Zacchaeus is the rich, but unhappy, man Jesus encounters on His journey to Jerusalem, the journey which will bring Him to the cross and Calvary. This Gospel story is a favorite of many people. It is a story of Jesus’ compassion and mercy. Zacchaeus was short in stature; he had to climb into the tree to see Jesus coming. But, more importantly, Zacchaeus was a man with a checkered past. He was rich on what he had stolen from others as a tax collector. And yet, he invites Jesus to his house. And Jesus accepts the invitation.
What happens when Jesus enters the house? It becomes the “house of God” for Jesus is the Son of God. Jesus recognized and accepted Zacchaeus, even though he was not a perfect man. How many of us cannot help but see in this story of Zacchaeus the very heart of the Gospel? Jesus, in His mercy and compassion, comes to be with us because of His great love for each of us. We know we are not perfect, but we strive to live as Jesus asks of us because we have experienced His love and compassion. The story of Zacchaeus is one of Jesus wanting to be with us and asking us to invite Him not only into our homes but into our hearts. Today, we are reminded as we hear this story that just as Jesus made Zacchaeus’ house a “house of God,” so too does He make this house a sacred place. He is with us in this house. He is with us in this gathering for the Eucharist. He is with us in His word proclaimed and in the Sacrament of the Eucharist in the tabernacle. He makes this beautiful place a holy place where we, each of us, can know the love and mercy of God.
Remember that steeple that is at the top of the cathedral? It reaches up into the sky and marks the cathedral as a thing of beauty. But it is also a symbol of the purpose of the Church, which is to guide our eyes and our spirits, our thoughts and our prayers, to God. But, have you noticed that Patrick Keely, the architect was not satisfied with just one steeple? He has three.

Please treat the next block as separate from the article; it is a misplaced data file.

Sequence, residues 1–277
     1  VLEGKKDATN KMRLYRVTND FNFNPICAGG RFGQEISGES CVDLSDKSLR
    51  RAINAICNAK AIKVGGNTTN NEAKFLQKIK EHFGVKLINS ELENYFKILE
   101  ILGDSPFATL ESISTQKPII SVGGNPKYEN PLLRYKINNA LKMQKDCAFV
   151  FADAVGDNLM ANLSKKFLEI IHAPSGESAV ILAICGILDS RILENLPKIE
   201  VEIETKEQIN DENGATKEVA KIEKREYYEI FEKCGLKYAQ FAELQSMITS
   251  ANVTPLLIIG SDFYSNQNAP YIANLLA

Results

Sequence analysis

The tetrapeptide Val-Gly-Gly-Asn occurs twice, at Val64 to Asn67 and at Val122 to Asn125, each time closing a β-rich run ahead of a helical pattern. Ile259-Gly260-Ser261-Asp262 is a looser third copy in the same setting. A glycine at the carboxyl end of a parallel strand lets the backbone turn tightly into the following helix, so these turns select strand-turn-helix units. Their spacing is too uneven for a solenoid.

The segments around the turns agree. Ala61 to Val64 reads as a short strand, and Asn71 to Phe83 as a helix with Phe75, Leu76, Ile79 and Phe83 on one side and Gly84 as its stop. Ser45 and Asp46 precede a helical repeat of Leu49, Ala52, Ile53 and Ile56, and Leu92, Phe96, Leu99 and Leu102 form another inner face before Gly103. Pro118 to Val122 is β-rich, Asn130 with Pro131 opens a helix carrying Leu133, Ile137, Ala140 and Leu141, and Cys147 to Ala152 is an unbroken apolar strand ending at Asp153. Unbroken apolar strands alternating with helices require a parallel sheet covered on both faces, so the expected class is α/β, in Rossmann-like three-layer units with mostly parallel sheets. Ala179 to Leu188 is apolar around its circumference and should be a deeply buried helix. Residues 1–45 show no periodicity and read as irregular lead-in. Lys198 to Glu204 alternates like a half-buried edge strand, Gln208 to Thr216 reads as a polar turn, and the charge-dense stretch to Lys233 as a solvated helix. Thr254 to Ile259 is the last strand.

In my walks along Portland’s Back Cove in the morning, as I look across at the cathedral, I often reflect on those steeples. They remind us of something very important. Just as the repentant Zacchaeus found his place in the life of Jesus, so too does Jesus call each of us to our place. Like the steeples, we are not all called to be the same. Zacchaeus may have been the shortest steeple, the one farthest away from the way of life that Jesus was preaching. Before he encountered Jesus, he was, after all, a thief. But Jesus sees his heart and knows his desire to change. We believe that Jesus’ forgiveness, His mercy, changes Zacchaeus’ life.
This cathedral, like any church, is the place where we meet Jesus. We may not be that tallest of steeples that reaches up to a commanding place in the sky. But, when we enter here, we should remind ourselves that we enter the “house of God.” God is here. We find him just as did Zacchaeus. We find him in Jesus. He is here to remind us that He walks with us on the journey of life helping us to be His followers. And He sends us from here to be the bearers of His good news, of His love and mercy.
The beauty of the cathedral is made more magnificent in the way those who meet Jesus here in liturgy and prayer are given the grace to do the work of the Gospel. From here, go forth people who serve: feeding the hungry, clothing the naked, forming minds to know God, walking with people on their journey of faith, comforting those who are dying and those who mourn the loss of loved ones. These are the projects of the people who find here a holy place, a “house of God,” a place where God in Jesus has chosen to dwell. As we celebrate this anniversary, we pray that as this cathedral stands on the hill pointing all who see it to God, it might also be the place from which those who worship here go forth to become a living Gospel, bringing the love and mercy Jesus lived into Portland and Maine.
We pray that Mary, Mother of God, invoked here under her title of the Immaculate Conception. might intercede for us and help us to be the “house of God,” the living Church.